Our prior assumption about what Congress intended was uninformed. It literally had no support in either the statute or the legislative history. To this day, I am surprised, and a little embarrassed, that I could have been so wrong.


What we did find surprised us even more. Everything in the legislative history that sheds light on what Congress intended supports the plain meaning of the language limiting premium subsidies to those who obtain coverage “through an Exchange established by the State.”

  • The lead author of the ACA, then-Senate Finance Committee Chairman Max Baucus, D-Mont., had proposed — and even gotten Congress to enact — other health-insurance tax credits and subsidies that were conditioned on states taking certain actions.
  • Senate Democrats similarly considered letting individual states opt out of the Democrats’ cherished “public option.”
  • Congressional Democrats considered other bills in 2009 that explicitly did authorize subsidies in federal exchanges. But they discarded that language in favor of the ACA’s approach.
  • More than a dozen Senate Democrats championed a bill that explicitly conditioned exchange subsidies on states implementing that bill’s employer mandate. Those senators discarded that condition in favor of the ACA’s approach of explicitly conditioning premium subsidies on states implementing exchanges.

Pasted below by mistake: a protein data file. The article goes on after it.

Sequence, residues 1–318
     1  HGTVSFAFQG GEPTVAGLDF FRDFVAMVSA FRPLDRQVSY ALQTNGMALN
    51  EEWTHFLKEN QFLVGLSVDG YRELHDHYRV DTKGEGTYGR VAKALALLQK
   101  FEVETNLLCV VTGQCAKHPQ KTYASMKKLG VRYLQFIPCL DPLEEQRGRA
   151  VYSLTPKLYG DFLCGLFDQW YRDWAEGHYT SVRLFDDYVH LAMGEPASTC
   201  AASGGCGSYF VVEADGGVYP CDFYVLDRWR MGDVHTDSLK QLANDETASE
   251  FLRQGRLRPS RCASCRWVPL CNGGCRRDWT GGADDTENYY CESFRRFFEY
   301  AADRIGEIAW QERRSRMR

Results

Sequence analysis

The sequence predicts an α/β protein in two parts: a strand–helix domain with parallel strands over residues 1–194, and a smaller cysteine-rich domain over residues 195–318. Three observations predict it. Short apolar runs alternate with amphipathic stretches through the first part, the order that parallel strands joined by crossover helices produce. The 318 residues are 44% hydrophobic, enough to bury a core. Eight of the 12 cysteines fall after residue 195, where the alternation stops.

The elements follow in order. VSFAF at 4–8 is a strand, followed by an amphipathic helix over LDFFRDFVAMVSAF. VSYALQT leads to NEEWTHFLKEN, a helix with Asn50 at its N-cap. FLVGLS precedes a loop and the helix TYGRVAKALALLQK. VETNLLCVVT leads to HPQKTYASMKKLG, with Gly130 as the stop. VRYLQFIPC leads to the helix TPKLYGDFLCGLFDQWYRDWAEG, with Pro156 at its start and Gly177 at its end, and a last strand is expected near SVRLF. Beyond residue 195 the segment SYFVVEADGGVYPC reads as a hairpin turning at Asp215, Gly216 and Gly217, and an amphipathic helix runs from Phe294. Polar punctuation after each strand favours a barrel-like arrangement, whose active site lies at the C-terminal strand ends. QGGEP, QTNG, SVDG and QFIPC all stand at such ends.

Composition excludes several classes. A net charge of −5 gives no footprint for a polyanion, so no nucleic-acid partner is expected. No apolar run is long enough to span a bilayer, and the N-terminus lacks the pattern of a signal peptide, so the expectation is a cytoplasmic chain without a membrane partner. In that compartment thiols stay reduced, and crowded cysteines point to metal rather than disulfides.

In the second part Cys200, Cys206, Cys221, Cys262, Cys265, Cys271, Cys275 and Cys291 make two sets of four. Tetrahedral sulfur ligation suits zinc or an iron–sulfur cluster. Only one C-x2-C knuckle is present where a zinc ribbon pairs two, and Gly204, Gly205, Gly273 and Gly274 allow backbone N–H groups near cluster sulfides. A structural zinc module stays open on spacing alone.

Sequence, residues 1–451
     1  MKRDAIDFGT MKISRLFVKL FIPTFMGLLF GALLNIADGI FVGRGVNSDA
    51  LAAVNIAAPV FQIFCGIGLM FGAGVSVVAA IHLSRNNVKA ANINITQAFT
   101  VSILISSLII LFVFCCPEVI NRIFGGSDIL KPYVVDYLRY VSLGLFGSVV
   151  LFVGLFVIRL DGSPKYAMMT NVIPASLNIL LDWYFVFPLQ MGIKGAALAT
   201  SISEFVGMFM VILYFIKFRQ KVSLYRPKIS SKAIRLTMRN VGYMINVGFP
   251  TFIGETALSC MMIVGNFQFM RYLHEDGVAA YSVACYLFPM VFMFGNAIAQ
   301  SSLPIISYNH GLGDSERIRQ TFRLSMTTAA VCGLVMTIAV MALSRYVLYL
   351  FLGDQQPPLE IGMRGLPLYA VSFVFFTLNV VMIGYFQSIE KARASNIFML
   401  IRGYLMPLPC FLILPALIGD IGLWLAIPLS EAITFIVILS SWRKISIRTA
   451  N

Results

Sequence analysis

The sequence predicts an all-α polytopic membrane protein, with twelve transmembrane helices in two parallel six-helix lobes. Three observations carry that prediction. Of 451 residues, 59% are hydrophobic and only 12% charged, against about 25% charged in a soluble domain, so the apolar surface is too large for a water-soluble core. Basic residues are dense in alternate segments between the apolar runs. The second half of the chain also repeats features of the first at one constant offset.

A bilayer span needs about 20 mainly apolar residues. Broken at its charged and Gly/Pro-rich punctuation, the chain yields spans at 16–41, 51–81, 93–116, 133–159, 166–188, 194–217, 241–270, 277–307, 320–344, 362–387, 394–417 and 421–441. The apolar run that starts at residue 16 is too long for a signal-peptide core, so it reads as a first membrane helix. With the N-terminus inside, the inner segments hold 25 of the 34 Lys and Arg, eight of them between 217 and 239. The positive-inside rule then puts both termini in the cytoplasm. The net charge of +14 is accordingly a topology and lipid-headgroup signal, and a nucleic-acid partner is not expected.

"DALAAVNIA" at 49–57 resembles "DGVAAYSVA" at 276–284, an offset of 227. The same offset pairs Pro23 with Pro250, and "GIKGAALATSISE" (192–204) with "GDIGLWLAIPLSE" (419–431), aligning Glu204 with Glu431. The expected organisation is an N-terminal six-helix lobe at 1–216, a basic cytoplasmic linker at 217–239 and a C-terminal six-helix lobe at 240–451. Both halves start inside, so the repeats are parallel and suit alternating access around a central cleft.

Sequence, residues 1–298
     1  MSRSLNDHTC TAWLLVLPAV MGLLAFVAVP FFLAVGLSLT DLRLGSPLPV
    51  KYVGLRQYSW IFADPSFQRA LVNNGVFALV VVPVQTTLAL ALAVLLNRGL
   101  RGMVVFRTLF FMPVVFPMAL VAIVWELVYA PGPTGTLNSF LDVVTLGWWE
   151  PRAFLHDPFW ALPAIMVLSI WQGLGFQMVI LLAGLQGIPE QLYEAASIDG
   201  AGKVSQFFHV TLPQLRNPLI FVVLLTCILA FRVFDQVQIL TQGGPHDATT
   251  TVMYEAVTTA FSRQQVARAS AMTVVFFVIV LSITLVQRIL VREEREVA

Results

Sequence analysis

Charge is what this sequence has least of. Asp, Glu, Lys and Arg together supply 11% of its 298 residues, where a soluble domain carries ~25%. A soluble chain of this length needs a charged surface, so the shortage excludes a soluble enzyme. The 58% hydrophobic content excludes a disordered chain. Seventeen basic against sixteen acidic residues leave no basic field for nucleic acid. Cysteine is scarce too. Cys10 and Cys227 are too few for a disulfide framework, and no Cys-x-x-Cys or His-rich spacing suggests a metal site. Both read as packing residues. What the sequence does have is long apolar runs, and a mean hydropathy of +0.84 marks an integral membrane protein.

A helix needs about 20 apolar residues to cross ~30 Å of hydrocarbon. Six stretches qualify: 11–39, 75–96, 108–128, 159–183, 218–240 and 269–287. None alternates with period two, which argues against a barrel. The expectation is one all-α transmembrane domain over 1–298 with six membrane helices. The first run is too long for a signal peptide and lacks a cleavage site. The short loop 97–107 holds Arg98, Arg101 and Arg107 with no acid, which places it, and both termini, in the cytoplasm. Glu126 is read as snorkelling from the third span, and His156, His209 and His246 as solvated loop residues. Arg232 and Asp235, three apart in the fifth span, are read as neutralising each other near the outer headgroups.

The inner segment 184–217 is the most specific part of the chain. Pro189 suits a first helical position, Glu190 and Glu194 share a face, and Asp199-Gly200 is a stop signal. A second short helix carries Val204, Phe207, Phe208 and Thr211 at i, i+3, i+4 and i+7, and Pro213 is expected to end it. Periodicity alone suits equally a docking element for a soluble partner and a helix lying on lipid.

• Eleven House Democrats from Texas recognized and even complained that states could prevent their residents from receiving “any benefit” under the ACA, including premium subsidies, simply by refusing to establish exchanges. In early January 2010, they pleaded for House Speaker Nancy Pelosi and President Barack Obama to support one of the bills that explicitly authorized subsidies in federal exchanges. Yet all 11 of them ended up voting for the ACA, despite their reservations.
  • One of the ACA’s architects and a paid consultant to the Obama administration, Massachusetts Institute of Technology health economist Jonathan Gruber, repeatedly described the ACA by saying: “If you’re a state and you don’t set up an exchange, that means your citizens don’t get their tax credits.”